Secondly, FOE (2007) has identified that it is rather difficult to generate huge twice daily pulses of barrage power to National grid. This is indeed a hectic thing to balance. The team of FOE (2007) has related the case of development of Severn barrage to numerous issues that would include emissions, sea level rise, and impact on the rail link functioning and other environmental impacts. Finally, there are dilemmas regarding the ability to meet the overriding public need, the potential power output, carbon capture and construction emissions.
Hafer (2013) has regarded the project to be one – off structure where the possibility for modification has a limited scope. There is no possibility for incremental cost reduction or technology innovation. Additionally, Hafer (2013) regards that the environmental implications tend to remain highly uncertain. The best estimates have not produced better announcement regarding the environmental sustainability.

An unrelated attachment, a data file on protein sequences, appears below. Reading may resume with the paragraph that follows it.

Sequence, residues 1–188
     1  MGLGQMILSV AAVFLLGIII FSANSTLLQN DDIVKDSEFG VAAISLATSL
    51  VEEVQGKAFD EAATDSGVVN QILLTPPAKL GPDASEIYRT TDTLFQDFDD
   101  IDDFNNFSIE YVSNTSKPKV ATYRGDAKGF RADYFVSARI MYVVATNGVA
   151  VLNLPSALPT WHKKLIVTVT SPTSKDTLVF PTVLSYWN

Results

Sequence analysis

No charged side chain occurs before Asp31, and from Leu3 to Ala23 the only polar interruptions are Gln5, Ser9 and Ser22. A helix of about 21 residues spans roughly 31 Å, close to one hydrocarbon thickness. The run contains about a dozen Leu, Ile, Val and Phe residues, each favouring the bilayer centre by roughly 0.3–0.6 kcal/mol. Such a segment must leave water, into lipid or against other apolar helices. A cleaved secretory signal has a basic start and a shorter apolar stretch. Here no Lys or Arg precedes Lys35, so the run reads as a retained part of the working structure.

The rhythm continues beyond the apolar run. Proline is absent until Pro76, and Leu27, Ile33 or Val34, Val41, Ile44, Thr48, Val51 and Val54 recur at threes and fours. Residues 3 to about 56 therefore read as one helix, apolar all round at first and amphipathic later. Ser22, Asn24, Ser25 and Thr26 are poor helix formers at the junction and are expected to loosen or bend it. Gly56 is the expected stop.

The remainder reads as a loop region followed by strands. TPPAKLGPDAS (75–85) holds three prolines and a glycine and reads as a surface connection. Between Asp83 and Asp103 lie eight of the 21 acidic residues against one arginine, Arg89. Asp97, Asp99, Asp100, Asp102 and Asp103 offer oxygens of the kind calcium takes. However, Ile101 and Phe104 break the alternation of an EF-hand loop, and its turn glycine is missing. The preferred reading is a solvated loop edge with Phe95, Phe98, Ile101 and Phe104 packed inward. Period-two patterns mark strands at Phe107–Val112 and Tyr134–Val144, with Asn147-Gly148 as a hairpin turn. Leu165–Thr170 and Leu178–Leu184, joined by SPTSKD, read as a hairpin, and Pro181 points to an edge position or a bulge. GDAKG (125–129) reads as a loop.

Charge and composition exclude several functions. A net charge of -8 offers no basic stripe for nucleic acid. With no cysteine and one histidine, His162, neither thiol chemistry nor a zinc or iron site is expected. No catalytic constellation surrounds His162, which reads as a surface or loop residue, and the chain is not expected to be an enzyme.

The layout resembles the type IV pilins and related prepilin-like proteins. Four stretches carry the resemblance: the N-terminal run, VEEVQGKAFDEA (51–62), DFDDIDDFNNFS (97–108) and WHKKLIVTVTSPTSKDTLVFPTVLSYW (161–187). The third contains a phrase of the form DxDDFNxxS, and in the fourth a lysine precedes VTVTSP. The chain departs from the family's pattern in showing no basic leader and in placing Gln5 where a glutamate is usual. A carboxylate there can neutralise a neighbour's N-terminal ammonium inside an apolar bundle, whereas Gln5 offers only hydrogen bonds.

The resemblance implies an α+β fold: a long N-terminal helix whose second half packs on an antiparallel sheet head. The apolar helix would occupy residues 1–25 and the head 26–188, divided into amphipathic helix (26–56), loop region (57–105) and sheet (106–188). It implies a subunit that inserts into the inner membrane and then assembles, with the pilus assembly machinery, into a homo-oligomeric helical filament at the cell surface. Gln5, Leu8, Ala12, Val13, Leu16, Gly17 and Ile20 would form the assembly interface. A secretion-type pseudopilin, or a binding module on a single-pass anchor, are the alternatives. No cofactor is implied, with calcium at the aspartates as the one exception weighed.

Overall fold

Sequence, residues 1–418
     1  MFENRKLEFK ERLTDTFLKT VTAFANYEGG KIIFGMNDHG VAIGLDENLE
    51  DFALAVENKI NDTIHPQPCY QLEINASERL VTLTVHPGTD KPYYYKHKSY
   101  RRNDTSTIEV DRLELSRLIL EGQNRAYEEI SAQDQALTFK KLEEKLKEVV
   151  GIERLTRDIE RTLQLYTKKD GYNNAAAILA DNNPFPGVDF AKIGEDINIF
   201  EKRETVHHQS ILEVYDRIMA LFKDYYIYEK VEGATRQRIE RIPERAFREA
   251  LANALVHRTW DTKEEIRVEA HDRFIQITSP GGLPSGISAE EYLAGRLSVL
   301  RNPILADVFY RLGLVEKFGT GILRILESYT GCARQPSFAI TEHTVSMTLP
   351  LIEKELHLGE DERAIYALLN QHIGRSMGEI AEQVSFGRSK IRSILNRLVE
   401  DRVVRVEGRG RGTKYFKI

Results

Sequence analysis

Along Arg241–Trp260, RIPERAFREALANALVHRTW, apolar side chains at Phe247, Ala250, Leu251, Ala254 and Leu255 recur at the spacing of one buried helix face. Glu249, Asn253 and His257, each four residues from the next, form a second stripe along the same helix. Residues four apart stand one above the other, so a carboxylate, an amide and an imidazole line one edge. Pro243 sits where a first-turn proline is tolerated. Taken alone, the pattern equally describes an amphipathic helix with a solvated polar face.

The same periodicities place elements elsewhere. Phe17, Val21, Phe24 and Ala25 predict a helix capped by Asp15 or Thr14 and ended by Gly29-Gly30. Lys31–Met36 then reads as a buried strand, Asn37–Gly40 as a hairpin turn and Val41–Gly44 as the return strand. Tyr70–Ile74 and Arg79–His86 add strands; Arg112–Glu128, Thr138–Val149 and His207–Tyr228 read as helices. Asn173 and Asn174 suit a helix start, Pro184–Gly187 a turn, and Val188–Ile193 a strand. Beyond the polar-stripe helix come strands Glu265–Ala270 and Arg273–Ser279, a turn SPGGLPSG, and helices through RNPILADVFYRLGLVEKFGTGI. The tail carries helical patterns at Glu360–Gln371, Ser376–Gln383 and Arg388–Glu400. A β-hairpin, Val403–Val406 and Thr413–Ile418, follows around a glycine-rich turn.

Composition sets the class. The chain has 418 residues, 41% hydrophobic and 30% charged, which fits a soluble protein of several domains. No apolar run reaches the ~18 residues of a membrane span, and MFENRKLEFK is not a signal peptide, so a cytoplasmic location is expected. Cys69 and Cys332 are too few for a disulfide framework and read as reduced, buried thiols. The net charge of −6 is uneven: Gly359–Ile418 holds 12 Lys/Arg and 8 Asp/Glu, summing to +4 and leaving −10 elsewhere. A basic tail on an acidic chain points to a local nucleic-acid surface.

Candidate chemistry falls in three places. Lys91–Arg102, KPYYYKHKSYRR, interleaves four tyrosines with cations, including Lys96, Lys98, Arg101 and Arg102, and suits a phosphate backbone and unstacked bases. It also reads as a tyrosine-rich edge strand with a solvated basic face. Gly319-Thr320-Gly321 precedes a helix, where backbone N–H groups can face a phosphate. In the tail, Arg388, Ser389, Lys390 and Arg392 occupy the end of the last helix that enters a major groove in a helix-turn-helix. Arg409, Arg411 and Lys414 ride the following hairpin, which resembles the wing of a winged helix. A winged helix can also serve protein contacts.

The Exeter University (2011) has presented a report on the appropriateness and feasibility of Severn Barrage. The advantage with the construction is that it has the ability to cause a transition to modify the environment to a low carbon economy as it mainly functions with the zero carbon electricity. On the other hand, the nation’s carbon emissions would be greatly reduced. Therefore, the imported fossil fuels are not required at this stage. The dependence would automatically decrease (Exeter University, 2011).